QUESTION: What would you do to address the problem of gun violence? And if you say you would “take on” the NRA, how exactly would you do that?
ANSWER: In order to comprehensively address the gun violence problem, Illinois must enact more responsible gun laws and make a serious effort to fix the societal issues that lead to the violence. With respect to more responsible gun laws, I am proud to be a co-sponsor of: (1) legislation that would require Illinois gun-dealers to obtain licenses in order to operate; and (2) legislation that would allow a victim to obtain an emergency lethal violence order of protection and prohibit the person against whom the order is sought from possessing firearms. Moreover, in the wake of the horrific Las Vegas massacre and NRA statements that it would support a ban on trigger modification devices, I was the first to introduce legislation solely focused on that issue. While the NRA ultimately did not support the legislation, by filing it, I was able to expose the organization’s dishonest tactics.
I also am proud of my past efforts to implement more responsible gun laws and protect against the implementation of dangerous new laws. I was one of the leading opponents of Illinois’ misguided concealed carry legislation. One aspect of that legislation implemented the backwards policy of Illinois communities not being allowed to ban assault weapons unless they implemented such regulations within a very short timeframe. In response, I immediately called a meeting with the mayors and police chiefs in the legislative district I represent, informed them of the new law and advised them of the actions needed to thwart it. In short order, I worked with each community to implement assault weapons bans and regulations over intense NRA objection. Through these efforts, the NRA was soundly defeated in numerous communities.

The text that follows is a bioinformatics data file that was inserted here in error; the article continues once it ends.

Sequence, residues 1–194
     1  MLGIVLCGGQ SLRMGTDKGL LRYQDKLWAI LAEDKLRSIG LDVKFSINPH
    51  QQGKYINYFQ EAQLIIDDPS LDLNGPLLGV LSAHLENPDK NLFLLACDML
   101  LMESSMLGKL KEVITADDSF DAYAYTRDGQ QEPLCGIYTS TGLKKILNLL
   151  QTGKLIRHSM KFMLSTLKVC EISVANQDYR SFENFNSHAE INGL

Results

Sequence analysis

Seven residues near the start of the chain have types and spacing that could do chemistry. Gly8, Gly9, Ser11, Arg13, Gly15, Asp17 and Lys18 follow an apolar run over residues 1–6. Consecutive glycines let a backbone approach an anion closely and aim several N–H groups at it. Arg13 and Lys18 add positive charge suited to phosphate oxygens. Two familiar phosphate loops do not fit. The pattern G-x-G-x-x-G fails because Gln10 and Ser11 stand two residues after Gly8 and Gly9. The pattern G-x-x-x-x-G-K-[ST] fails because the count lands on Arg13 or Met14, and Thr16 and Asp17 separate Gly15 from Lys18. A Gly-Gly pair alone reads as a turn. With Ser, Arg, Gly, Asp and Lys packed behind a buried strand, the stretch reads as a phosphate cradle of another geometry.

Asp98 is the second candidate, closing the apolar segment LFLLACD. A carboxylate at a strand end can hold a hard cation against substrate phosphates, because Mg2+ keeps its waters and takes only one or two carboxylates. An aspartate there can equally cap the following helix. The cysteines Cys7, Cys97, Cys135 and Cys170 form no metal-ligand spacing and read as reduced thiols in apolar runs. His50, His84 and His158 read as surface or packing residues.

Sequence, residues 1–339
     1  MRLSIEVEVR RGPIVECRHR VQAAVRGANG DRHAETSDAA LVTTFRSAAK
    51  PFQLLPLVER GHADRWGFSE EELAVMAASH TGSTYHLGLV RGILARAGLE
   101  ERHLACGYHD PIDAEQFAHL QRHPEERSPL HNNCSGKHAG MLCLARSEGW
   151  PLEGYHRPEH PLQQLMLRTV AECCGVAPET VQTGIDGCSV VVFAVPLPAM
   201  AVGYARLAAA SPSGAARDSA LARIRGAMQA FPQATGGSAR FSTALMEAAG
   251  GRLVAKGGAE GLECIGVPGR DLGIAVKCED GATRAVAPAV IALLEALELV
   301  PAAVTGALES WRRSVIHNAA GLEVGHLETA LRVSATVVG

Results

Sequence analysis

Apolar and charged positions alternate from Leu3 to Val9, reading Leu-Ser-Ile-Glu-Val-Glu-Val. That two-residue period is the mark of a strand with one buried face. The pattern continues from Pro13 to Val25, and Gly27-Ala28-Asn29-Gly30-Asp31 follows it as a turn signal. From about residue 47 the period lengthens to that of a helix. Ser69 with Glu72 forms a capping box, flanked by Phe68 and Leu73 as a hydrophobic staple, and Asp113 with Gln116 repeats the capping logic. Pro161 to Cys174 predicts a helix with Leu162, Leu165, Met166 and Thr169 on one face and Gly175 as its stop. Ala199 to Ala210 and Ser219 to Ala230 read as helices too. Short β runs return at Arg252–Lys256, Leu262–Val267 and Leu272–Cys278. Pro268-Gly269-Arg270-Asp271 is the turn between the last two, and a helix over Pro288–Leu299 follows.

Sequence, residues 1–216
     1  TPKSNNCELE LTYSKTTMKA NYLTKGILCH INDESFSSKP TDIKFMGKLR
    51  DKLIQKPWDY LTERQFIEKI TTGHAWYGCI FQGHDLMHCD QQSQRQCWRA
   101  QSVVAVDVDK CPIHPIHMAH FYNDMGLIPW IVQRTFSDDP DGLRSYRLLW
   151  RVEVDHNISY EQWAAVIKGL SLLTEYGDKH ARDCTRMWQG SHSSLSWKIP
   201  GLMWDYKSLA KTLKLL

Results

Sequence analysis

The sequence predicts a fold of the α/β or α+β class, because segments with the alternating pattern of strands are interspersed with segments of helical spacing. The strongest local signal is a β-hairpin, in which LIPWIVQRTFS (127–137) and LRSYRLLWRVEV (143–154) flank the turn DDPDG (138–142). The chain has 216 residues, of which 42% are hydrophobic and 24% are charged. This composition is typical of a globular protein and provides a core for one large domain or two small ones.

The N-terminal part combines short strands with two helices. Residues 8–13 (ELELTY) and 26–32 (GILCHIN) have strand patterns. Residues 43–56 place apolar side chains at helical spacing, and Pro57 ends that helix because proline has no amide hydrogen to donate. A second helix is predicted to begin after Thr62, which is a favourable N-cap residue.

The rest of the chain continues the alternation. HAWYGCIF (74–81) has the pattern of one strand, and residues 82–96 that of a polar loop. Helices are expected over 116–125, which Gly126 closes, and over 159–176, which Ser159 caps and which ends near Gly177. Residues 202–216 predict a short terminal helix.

With respect to the societal issues, if we are to end gun violence in Illinois, the State must invest in those communities most impacted by the violence. This means providing more funds to public schools and afterschool programs. It means advocating for better criminal justice policies that focus on treatment, education and rehabilitation and allow for job opportunities for those who have been in prison. Unfortunately, Illinois recently did the opposite. Instead of investing in communities, it passed legislation to incarcerate more minorities for longer periods of time – despite there being no evidence that this would help solve the problem of gun violence.
QUESTION: Everybody running for this office promises to be an advocate for ordinary people. What, in concrete terms, does that mean?
ANSWER: Illinois needs an Attorney General who will put the public’s interest ahead of self-interest at every turn. I have a proven record of standing up for the public even when potentially detrimental to my political career. When machine politicians and union bosses wanted to take away workers’ right to strike in order to preserve political power, I had the courage to say no. When Mike Madigan sought to continue his rule of the Illinois General Assembly, I became the first Democrat in three decades not to support him. In doing so, I stood with the vast majority of Illinois Democrats who recognize that Madigan’s failed policies brought us Governor Rauner and have jeopardized the retirement security of our school teachers and other public workers. Being an advocate for ordinary people means having the courage to truly seek the implementation of progressive policies and to advance change. It is not enough for someone to simply say he or she will be an advocate for the everyday citizen. Moreover, it is not enough for someone to point to a history of taking actions consistent with what he or she is supposed to do.
QUESTION: How in general would you follow or depart from the approach to the job taken by Lisa Madigan?
ANSWER: As discussed throughout, I believe the Attorney General’s office should direct more resources to fighting public corruption and changing the reputation of our State. Moreover, I believe the Attorney General can take a more active role in some of the major issues confronting Illinois. The Attorney General should be leading the charge for more responsible gun laws and greater investment in our communities in order to stop gun violence. The Attorney General should make sure the General Assembly abides by the Illinois Constitution with respect to budgeting practices. I plan to be a very hands-on attorney general, in the mold of former U.S. Attorney Patrick Fitgerald and New York attorneys general, past and present. During my time as an Assistant U.S. Attorney, I saw first-hand how this creates a culture of achievement and leads to resounding success.
Check out our profiles on other candidates in this race: